NBN Co masters the fixed-to-wireless flip

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NBN Co masters the fixed-to-wireless flip

Promised FTTN, given fixed wireless.

NBN Co has flipped 62 towns that were destined to receive FTTN connections under its original three-year construction plan onto fixed wireless or satellite connections.

The trend is revealed via a reconstruction of the three-year plan by iTnews, and confirms fears that some customers with existing fixed-line connections aren’t able to keep them.

These fears were stoked in late January when NBN Co refused to disclose how many premises with existing ADSL connections would only be offered a satellite NBN connection.

Numbers of ADSL-to-NBN satellite conversions are extremely difficult to track.

However, it has become apparent that NBN Co is pushing users promised FTTN connections onto its fixed wireless network instead, affecting 59 towns on the original three-year plan.

A further three locations appear to have been given satellite connections instead.

iTnews can reveal whole towns that were originally in the FTTN footprint have now been allocated fixed wireless.

They include Coraki and Tumbarumba in NSW; Childers, Millmerran, Toogoolawah in Queensland; Railton and Sheffield in Tasmania; Chiltern, Dimboola, Donald, Eildon, Nathalia, Rosedale, Rushworth and Timboon in Victoria.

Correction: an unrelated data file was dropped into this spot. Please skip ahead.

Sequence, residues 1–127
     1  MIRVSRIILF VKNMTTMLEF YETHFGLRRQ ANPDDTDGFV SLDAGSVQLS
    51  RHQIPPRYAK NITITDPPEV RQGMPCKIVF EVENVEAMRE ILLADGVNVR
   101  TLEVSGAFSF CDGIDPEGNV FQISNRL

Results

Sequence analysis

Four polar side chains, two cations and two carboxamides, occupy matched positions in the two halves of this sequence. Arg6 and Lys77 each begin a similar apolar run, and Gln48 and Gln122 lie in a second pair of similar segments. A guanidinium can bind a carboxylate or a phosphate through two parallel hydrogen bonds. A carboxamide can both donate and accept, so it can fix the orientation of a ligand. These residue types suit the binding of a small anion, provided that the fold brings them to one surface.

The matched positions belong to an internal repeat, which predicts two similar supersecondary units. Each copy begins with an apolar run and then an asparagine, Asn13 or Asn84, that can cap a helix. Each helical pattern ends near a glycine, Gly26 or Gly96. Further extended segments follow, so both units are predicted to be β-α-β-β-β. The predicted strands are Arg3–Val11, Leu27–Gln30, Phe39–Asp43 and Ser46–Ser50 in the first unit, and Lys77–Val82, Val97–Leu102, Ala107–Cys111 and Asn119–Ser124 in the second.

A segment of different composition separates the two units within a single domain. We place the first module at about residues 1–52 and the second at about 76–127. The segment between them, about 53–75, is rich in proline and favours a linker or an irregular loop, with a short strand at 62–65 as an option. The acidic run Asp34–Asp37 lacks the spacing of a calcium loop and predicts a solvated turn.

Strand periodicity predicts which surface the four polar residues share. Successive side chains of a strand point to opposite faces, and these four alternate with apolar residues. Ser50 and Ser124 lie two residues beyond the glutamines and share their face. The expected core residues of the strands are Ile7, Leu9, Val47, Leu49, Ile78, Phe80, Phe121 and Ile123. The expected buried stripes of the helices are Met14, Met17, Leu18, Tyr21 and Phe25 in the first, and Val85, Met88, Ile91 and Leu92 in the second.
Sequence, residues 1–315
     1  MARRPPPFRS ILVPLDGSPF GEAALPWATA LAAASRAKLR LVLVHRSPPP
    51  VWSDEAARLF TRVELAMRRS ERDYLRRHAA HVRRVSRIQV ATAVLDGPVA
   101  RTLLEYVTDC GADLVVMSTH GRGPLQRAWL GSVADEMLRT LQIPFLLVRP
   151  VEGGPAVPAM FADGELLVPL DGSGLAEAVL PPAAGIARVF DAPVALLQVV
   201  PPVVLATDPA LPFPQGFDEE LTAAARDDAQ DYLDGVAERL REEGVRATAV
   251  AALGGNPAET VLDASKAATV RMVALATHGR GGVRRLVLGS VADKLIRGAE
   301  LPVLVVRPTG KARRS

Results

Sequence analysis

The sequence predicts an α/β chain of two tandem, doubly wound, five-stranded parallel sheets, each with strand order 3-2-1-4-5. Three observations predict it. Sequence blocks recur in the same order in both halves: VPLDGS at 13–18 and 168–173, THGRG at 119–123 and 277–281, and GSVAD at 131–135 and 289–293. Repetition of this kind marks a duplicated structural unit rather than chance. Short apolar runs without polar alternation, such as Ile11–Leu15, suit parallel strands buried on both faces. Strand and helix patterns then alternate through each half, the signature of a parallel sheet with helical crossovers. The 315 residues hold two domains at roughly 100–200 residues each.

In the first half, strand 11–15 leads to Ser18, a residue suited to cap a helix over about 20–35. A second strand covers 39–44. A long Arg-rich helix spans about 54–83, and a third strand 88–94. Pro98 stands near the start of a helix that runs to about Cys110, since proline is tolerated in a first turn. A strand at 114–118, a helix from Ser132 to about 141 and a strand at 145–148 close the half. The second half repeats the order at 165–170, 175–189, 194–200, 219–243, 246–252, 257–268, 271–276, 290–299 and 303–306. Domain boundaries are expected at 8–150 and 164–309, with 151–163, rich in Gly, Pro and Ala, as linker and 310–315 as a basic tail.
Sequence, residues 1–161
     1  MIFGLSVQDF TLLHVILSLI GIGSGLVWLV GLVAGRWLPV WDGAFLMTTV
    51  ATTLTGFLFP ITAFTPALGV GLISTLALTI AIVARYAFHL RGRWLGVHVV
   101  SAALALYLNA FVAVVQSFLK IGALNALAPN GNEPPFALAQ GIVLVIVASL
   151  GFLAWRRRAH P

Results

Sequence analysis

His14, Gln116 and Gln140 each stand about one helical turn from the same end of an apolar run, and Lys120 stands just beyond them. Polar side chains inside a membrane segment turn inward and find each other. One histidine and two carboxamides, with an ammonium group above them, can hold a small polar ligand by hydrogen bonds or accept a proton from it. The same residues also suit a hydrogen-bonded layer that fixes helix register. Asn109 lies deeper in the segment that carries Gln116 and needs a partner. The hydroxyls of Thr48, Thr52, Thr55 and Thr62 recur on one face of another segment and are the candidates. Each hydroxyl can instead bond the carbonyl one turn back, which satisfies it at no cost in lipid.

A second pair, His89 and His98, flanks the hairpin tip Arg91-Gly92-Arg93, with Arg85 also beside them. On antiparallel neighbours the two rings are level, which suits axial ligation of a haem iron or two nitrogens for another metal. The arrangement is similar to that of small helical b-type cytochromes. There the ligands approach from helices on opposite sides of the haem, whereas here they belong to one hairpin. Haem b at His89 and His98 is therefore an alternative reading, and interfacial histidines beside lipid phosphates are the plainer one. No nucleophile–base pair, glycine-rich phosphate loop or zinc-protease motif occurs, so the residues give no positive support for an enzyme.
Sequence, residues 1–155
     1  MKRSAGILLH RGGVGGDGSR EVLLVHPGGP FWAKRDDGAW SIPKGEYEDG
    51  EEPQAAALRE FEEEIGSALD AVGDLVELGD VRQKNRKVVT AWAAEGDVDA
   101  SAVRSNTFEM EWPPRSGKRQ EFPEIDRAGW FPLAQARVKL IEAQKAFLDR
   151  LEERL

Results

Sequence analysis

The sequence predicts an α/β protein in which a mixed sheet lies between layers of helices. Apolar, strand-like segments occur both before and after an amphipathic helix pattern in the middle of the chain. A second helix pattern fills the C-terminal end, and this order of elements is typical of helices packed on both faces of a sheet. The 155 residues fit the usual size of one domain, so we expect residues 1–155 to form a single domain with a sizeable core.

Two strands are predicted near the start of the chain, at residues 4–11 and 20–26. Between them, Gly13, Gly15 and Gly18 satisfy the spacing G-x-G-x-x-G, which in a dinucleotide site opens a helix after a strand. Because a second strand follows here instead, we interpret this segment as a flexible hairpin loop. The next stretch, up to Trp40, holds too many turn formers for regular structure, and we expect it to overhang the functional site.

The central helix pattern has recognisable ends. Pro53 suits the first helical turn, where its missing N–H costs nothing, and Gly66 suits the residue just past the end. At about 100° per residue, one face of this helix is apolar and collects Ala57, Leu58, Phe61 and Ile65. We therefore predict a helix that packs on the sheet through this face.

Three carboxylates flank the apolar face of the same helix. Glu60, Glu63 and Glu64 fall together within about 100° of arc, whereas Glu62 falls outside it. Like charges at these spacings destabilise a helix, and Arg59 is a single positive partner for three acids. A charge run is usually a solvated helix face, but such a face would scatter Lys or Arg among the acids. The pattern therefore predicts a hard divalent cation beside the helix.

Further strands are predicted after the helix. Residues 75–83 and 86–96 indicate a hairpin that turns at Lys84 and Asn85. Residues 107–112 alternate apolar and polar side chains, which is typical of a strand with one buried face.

In addition, a number of other towns within larger fibre-serving areas (FSAs) are finding themselves allocated fixed wireless connections instead of FTTN.

 

“NBN Co is always looking for the most cost and time efficient way to deliver the NBN to Australians," a spokesperson told iTnews.

“In some cases we find that are able to use our existing fixed wireless infrastructure to [service] areas that had initially been earmarked to receive a fixed-broadband connection.

“This usually means that we are able to connect these end-users sooner as we don’t have to build out new infrastructure to connect them to the nbn network.”

iTnews understands that the cost to run fixed backhaul to a town is one reason it might be shifted into the fixed wireless footprint instead. 

In addition, users on larger properties - particularly on the fringe of town - may not be able to achieve an acceptable speed using FTTN due to their distance from street cabinets. 

Even if none of these reasons apply, there is one consideration that does.

NBN Co indicated earlier this year that a customer with an existing or promised fixed-line connection isn’t guaranteed to keep or receive it respectively.

“NBN Co’s mandate is to provide broadband access to all premises in Australia with some form of NBN technology, whether that be fixed line, fixed wireless or satellite,” the company said.

“The technology that may already be available in an area (for example ADSL or 4G etc) is not so much a driver of NBN Co’s technology choice as other factors such as the cost per premises of servicing the area.”

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